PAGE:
FOR most of the uses to which timber is put, reasonably good resistance to impact is an advantage for many uses, such as aircraft construction, sports goods, or tool handles, it is an overriding requisite. Its measurement is, therefore, an important part of the routine testing of timber. Since conditions of service as regards this property are seldom, if ever, known with exactitude, and since, moreover, the size and shape of the member receiving the impact bear an important but undefined relationship to its resistance, the laboratory tests for the property are essentially empirical. The resulting figures from such tests in themselves mean little they cannot be translated into design figures as are, for instance, modulus of elasticity or maximum compressive strength and their value lies almost entirely in their use for comparisons. As with most empirical tests, one of the essentials is that the character of the test, i.e. testpiece and testing conditions, shall be rigidly defined and adhered to. Unfortunately there are in more or less common use in the various timber testing laboratories several different methods of measuring impact resistance and the lack of a universal standard impact test is a serious drawback to the usefulness of the results, since one of the greatest advantages of the standardized test, viz., the interchangeability of results between one laboratory and another, is at once nullified. It is hoped that when circumstances permit the interested research institutions will take up the study of impact testing and agree upon a uniform standard test.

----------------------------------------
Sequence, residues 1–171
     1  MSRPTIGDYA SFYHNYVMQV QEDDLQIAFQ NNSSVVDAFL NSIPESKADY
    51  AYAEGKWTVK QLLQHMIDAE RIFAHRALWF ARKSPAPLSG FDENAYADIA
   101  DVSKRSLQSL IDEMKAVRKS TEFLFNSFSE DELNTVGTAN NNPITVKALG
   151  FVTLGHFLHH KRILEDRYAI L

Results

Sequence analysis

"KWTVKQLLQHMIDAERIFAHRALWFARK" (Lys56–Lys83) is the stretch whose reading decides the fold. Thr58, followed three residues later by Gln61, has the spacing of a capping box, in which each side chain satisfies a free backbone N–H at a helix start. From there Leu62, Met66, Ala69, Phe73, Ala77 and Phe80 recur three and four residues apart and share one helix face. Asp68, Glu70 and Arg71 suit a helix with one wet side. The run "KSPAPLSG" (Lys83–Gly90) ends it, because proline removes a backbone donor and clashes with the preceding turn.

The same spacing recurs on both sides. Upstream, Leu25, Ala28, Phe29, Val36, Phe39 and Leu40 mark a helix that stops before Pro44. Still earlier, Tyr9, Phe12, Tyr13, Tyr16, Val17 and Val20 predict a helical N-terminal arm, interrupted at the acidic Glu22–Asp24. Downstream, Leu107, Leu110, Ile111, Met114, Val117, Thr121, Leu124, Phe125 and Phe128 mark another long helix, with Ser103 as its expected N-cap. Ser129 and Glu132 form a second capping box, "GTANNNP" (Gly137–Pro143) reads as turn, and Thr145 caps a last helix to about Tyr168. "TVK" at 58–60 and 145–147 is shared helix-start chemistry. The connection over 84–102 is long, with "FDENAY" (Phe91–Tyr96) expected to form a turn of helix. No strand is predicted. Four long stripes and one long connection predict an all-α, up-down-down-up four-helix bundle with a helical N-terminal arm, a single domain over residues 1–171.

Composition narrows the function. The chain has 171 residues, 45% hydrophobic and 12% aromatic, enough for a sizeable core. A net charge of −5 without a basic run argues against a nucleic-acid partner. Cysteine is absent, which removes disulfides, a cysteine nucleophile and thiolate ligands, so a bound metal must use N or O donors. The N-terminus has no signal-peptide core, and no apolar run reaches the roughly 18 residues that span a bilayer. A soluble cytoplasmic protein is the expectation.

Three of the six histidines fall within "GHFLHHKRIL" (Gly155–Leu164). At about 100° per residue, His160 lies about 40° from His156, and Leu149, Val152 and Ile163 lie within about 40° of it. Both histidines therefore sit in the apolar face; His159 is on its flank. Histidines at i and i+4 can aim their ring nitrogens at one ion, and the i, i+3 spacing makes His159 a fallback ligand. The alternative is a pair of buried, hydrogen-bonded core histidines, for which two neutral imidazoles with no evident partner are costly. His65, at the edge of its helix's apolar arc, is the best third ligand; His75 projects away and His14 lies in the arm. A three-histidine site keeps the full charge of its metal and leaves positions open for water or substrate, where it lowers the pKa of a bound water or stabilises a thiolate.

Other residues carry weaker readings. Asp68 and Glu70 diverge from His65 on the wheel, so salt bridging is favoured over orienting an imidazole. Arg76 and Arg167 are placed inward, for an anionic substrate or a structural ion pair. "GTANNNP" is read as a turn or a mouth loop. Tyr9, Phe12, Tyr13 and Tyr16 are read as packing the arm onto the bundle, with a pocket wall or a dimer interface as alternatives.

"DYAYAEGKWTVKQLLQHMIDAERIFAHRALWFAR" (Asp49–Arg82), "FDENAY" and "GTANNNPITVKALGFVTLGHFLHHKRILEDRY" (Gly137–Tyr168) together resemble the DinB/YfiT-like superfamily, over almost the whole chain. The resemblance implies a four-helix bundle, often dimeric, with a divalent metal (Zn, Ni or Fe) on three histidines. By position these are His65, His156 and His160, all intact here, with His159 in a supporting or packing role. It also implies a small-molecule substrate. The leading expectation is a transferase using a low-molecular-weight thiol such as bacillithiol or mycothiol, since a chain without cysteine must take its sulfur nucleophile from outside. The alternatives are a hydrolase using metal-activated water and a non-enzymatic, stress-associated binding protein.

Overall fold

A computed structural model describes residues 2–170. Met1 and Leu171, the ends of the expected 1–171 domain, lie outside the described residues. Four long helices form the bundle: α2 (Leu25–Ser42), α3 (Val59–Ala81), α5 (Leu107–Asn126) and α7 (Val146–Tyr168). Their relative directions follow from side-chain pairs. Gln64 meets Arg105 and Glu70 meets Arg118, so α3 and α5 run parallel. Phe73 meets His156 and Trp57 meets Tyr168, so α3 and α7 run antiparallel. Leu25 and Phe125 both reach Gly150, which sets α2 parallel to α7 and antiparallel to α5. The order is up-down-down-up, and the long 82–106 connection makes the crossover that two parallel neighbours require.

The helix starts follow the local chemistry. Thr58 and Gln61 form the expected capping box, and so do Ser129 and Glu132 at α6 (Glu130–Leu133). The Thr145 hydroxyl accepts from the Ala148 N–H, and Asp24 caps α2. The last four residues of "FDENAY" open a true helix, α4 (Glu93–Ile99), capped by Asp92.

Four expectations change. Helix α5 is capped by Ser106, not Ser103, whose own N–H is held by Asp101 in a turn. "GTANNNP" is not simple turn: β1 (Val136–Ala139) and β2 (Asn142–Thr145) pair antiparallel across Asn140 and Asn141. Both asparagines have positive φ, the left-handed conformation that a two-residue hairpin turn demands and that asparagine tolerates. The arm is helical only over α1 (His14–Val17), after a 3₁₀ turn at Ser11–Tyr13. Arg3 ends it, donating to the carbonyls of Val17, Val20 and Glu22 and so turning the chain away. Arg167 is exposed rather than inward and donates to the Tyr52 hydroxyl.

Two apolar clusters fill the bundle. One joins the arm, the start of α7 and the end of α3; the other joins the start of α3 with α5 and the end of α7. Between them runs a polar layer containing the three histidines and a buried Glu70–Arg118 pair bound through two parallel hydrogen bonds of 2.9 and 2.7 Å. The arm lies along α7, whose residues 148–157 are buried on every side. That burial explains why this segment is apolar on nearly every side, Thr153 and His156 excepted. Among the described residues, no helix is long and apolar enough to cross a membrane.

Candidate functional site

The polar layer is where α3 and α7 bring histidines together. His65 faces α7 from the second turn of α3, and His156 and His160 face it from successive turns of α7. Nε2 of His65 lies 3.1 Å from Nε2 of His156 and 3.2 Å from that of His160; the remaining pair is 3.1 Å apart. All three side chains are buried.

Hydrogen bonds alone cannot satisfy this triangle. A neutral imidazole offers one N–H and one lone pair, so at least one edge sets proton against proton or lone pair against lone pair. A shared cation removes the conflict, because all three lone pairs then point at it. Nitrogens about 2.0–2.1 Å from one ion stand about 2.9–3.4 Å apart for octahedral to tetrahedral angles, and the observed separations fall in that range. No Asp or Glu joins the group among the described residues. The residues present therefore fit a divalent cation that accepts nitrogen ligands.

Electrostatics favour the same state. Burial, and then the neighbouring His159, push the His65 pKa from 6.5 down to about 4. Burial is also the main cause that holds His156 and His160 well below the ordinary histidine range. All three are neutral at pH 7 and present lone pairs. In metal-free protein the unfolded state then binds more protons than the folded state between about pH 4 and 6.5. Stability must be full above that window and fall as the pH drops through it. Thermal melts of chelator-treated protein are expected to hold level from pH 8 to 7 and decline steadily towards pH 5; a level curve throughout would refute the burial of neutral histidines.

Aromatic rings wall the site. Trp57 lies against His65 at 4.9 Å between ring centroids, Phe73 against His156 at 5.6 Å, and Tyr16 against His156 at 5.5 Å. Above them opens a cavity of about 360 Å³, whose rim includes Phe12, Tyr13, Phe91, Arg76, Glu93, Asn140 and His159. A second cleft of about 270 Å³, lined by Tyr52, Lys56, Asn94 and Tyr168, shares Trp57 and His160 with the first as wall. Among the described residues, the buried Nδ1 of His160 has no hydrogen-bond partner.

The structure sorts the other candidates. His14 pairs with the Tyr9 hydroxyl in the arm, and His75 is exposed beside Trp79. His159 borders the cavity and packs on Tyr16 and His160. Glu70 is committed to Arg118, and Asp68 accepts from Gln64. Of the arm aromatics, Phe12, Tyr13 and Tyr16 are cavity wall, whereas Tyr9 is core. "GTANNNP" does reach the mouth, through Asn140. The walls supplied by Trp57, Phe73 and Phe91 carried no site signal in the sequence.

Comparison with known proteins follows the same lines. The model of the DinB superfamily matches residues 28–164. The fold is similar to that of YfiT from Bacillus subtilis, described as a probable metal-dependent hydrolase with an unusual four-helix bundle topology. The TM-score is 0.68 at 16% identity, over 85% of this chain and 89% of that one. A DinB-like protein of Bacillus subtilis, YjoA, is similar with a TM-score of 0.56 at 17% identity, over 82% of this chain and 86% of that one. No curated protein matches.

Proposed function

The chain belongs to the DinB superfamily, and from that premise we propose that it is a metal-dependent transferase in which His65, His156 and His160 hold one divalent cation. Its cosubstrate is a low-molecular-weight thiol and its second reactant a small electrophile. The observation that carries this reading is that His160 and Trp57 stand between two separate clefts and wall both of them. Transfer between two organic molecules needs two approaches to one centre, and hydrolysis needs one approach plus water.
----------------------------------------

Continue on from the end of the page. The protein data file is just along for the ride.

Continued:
Aircraft Engineering and Aerospace Technology – Emerald Publishing
Published: Sep 1, 1942
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